anticipation of extreme events and characterizing existing pavement foundation.
Benefits to this proposed research include guidelines for
laboratory and field testing for pavement foundation exposed to extreme events
and design guidelines for areas potentially exposed to extreme weather events.
Soheil Nazarian, Rajib Basu Mallick, and Cesar Tirado. 2020. Computational
Process for Quantifying the Impact of Flooding on Remaining Life of Flexible
Pavement Structures. Journal of
Transportation Engineering, Part B: Pavements. ASCE, https://doi.org/10.1061/JPEODX.0000219.
Elshaer, Majid Ghayoomi, & Jo Sias Daniel. 2019. Impact of subsurface water
on structural performance of inundated flexible pavements. International Journal of Pavement Engineering, 20:8, 947-957, DOI:
National Academies of
Sciences, Engineering, and Medicine. 2014. Strategic Issues Facing
Transportation, Volume 2: Climate Change, Extreme Weather Events, and the
Highway System: Practitioner's Guide and Research Report. Washington, DC: The
National Academies Press. https://doi.org/10.17226/22473.
research tasks must include the following:
Create database of field data of pavement
foundation subjected to extreme events: modulus, strength, compressibility, and
related information. Note: Extreme events should include flooding at a minimum,
however, other events included could be changed freeze/thaw cycles, wildfires,
Identify new/existing field and laboratory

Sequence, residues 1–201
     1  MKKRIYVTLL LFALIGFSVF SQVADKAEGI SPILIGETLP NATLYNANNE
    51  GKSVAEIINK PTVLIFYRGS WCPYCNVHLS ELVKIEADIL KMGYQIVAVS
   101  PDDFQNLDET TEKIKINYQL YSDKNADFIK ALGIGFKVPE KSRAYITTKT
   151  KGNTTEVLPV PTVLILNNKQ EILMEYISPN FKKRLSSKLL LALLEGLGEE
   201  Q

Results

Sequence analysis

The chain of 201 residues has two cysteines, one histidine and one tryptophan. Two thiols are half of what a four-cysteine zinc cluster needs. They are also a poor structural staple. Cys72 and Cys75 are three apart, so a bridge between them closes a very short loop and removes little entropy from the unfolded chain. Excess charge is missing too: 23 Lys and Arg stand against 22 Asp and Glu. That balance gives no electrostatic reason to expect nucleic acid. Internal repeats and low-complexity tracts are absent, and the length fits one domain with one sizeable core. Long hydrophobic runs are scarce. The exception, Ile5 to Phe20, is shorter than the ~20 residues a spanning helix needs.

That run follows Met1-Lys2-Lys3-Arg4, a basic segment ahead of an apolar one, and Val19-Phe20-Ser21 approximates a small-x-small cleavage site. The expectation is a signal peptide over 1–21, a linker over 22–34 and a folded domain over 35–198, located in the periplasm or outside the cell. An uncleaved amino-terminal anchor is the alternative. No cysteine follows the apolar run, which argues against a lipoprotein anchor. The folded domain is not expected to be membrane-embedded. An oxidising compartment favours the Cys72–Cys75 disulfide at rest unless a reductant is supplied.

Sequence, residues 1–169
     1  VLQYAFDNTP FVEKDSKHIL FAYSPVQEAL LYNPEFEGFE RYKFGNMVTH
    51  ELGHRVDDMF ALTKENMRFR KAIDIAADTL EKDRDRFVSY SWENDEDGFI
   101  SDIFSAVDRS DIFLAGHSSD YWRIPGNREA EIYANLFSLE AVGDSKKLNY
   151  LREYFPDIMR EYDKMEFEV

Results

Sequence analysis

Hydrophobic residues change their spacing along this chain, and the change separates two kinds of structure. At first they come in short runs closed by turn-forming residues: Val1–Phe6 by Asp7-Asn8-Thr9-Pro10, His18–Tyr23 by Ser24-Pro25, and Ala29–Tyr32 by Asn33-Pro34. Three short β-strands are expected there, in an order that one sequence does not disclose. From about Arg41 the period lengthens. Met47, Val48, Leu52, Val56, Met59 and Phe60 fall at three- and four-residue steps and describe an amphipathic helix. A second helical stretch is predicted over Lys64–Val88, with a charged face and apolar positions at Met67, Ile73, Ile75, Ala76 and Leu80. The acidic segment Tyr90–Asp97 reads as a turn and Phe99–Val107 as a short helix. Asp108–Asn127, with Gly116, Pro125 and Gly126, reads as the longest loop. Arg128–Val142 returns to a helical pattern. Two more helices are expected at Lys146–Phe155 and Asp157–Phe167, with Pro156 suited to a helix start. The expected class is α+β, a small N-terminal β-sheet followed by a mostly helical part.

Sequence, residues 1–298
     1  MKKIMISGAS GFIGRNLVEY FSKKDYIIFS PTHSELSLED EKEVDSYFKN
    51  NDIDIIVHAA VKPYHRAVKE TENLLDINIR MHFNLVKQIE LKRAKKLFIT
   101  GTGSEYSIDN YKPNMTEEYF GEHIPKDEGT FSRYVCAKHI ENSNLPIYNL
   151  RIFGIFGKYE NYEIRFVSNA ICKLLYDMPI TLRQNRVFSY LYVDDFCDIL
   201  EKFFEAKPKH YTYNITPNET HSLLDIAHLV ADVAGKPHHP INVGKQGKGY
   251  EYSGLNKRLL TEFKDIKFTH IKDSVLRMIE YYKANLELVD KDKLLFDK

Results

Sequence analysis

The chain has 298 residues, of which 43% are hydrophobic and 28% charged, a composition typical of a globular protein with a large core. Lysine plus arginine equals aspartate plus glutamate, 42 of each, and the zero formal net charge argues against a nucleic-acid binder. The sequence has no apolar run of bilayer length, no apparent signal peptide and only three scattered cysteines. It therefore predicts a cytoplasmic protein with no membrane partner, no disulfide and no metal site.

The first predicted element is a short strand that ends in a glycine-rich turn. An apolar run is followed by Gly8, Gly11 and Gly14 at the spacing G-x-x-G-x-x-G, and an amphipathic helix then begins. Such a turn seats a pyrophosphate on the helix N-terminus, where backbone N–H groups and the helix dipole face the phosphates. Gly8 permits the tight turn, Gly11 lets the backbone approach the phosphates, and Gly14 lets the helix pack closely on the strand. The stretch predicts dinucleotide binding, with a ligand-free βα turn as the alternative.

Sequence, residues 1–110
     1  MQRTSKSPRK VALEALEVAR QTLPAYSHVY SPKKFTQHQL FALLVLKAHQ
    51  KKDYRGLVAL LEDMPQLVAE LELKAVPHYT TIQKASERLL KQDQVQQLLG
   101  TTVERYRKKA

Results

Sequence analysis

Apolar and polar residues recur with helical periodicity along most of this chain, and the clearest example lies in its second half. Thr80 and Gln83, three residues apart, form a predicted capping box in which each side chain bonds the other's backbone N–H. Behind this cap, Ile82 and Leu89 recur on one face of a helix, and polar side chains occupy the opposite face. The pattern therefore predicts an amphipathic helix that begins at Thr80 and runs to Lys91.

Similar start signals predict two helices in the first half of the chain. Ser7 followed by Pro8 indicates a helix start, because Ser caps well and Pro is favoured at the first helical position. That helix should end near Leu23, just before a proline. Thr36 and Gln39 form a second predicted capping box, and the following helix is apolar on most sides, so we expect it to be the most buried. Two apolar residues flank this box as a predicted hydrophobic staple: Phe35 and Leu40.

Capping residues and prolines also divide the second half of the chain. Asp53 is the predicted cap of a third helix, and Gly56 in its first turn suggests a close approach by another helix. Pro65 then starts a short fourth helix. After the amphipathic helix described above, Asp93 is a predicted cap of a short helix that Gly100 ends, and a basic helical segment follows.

testing procedures to predict performance of pavement foundation subjected to
Identify and select instrumented
field testing sections.
Develop procedures to design pavement foundation that can withstand
extreme events. Procedures should provide a guide
and/or case study to demonstrate how practitioners can identify and remediate
Transportation and other infrastructure owners (such as FHWA Federal Lands) can
immediately benefit from the work, improving training guides and educational
Any insights from
the work can also be immediately used to improve policy and procedures and/or
focus new and additional research efforts.
Index Terms: Stabilized soils, stabilized materials, base, subbase, subgrade (pavements), pavement foundation, pavement design, pavement performance, pavements, nondestructive tests, compressive strength, flexural strength, tensile strength, cementitious material, chemical stabilization, resilient modulus, extreme events, flooding, instrumentation
|Sponsoring Committee:||AKG90, Stabilization of Geomaterials and Recycled Materials
|Research Period:||24 - 36 months|
|RNS Developer:||Bob Parsons, Wayne Lee, Halil Ceylan, Imran M. Syed, Xingwei Chen, Javier Castaneda, Soheil Nazarian, Mohammed Mulla|
|Index Terms:||Floods, Subgrade (Pavements), Foundation soils, Surface temperature, Soil stabilization, Pavements, |
|Cosponsoring Committees:||AKG30, Geo-Environmental and Climatic Impacts on Geomaterials; AKG40, Mechanics and Drainage of Saturated and Unsaturated Geomaterials; AKG50, Transportation Earthworks; AKG60, Geotechnical Instrumentation and Modeling; AKM80, Aggregates|
Maintenance and Preservation